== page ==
The Senate Health-Care Vote-O-Rama: A Guide for the Perplexed

Are you confused by what’s happening as the Senate debates various
health-care-reform proposals? Join the club. “I read and analyze health
legislation for a living. And I’m having trouble keeping up with the big
and complicated changes in real time,” Larry Levitt, a senior
vice-president at the Kaiser Family Foundation,
tweeted on Tuesday night, as a series of votes began. On Wednesday, there were more votes, and there will be still more on Thursday—many of them as the process climaxes in a so-called Vote-O-Rama.

Many of these votes don’t mean much: they concern Democratic amendments
that have no chance of passing. But some of the votes are highly
consequential, and two of them have already delivered significant
setbacks to the Republican Party leadership. On Tuesday night, an
amended version of the Better Care Reconciliation Act, Senate Majority Leader Mitch McConnell’s
proposal to repeal and replace the Affordable Care Act, was
with fifty-seven senators voting against it, including nine Republicans.
And, on Wednesday afternoon, a proposal to repeal Obamacare but put off a
replacement for two years, which was McConnell’s Plan B, was also
this time with fifty-five senators against it.

Much of the news coverage and commentary then began to focus on the last
remaining big vote, on a so-called skinny-repeal bill, which could
take place late Thursday. Skinny repeal could be considered McConnell’s
Plan C. But before considering the details of this proposal it is worth
dwelling for a moment on what has already happened. Earlier this week,
McConnell got senators to agree to start a floor debate without knowing
what sort of proposals would be considered. This cynical tactic gave new
life to the Republican effort to repeal Obamacare. The subsequent votes
then represented an important victory for everybody who has opposed the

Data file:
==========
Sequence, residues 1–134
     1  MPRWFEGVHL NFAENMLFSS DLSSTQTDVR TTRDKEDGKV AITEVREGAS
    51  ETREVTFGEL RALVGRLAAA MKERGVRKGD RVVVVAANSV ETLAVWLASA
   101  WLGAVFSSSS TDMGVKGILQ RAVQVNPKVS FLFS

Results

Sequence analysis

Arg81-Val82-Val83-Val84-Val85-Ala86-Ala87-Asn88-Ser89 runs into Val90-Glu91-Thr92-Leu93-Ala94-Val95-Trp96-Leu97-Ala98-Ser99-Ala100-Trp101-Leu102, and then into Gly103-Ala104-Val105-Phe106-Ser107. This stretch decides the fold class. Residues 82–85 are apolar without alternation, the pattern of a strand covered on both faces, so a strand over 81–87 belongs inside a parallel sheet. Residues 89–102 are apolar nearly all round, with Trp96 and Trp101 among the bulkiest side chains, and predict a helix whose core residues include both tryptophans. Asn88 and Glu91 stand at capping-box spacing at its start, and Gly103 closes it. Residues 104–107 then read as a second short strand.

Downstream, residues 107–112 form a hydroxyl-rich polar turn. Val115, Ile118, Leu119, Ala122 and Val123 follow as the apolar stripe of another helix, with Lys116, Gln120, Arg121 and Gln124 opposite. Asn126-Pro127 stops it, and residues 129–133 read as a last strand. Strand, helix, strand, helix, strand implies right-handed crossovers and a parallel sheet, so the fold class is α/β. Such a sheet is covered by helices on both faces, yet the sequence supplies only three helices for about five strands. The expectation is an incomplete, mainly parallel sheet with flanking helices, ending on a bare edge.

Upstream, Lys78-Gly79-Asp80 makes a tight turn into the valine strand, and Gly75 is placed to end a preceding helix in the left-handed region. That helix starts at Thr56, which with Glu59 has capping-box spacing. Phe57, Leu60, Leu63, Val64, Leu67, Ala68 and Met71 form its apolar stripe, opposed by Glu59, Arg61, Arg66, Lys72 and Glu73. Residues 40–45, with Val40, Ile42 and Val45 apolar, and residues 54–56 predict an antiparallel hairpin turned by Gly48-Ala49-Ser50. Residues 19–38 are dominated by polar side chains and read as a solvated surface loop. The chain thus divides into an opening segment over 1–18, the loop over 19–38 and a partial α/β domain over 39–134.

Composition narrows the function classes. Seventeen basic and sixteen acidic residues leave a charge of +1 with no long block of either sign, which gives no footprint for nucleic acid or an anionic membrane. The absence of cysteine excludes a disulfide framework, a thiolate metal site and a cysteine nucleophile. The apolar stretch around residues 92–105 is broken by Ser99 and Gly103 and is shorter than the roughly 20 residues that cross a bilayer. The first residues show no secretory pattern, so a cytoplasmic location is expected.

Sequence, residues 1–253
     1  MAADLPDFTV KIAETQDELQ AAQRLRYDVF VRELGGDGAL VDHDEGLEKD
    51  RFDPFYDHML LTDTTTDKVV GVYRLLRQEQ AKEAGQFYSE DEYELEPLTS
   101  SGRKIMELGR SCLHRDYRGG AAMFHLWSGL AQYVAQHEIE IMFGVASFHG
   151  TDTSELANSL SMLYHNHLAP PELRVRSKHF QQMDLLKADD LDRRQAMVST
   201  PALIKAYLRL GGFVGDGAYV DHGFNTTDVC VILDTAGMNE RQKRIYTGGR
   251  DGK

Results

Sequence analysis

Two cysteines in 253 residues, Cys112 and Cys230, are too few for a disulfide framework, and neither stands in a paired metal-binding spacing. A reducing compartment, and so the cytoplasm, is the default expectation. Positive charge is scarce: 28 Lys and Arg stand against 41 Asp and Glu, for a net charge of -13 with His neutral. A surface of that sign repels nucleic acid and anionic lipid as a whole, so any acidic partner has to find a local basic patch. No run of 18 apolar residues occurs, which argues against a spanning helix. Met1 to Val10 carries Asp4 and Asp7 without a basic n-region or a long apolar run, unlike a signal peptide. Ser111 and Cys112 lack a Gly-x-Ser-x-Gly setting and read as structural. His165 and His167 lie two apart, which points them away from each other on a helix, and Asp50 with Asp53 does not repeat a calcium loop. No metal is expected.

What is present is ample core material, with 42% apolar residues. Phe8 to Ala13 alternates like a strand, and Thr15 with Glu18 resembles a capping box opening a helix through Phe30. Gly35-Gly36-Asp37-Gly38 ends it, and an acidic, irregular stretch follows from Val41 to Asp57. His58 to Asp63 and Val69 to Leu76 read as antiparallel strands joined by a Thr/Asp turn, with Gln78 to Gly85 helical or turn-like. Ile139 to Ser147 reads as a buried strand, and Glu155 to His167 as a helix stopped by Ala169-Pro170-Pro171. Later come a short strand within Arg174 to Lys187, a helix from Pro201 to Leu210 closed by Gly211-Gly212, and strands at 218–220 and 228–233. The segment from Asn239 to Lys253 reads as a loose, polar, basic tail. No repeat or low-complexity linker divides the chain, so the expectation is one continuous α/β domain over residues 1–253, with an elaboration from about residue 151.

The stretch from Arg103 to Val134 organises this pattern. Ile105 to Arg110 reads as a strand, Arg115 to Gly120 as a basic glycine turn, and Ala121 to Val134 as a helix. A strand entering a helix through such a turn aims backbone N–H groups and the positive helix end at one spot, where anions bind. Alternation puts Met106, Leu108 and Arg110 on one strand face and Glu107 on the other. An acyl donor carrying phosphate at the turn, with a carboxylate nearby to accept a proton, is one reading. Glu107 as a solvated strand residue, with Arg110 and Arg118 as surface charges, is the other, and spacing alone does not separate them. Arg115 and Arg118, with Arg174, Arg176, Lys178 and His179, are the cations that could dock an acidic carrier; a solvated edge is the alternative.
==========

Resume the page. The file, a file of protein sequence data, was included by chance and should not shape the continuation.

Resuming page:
Republicans’ plans, and especially those who have sought to exert
pressure on elected G.O.P. officials.

In failing to pass either a repeal-and-replace bill or a repeal-only
bill, the G.O.P. has publicly demonstrated that it’s too fractured to turn
history back to before March of 2010, when the A.C.A. became law. The effort to resurrect the Better Care Reconciliation Act ran into opposition from ultra-conservative senators, such as Mike Lee
and Rand Paul, who didn’t think the bill went far enough, as well as
moderate Republicans, such as Susan Collins, Dean Heller, and Lisa
Murkowski, who were concerned about the slashing cuts to Medicaid that
the measure contained. Then, in opposing the repeal-only bill, which
would have created great uncertainty for tens of millions of Americans
and chaos in the health-care industry, four more moderates joined
Collins, Heller, and Murkowski: Lamar Alexander, Shelley Moore Capito,
John McCain, and Rob Portman.

Taken together, these votes suggest that it is now highly likely that a good
deal of Obamacare will remain in place—the unresolved question is just
how much.

If you believe the news reports about what the skinny-repeal bill will
look like when McConnell finally releases it, most of the A.C.A. appears
likely to emerge unscathed, including the Medicaid expansion, which has
enabled about fourteen million Americans to get health care; the
Obamacare exchanges, where more than twelve million people signed up
this year to purchase private insurance; the federal subsidies that
greatly reduce the cost of these policies for low-to-middle-income
households; the regulations that force insurers to offer comprehensive
policies; the prohibition on insurers barring people with preëxisting
conditions; and the taxes on the one per cent that help to finance the
system. A number of reports say that the skinny-repeal bill would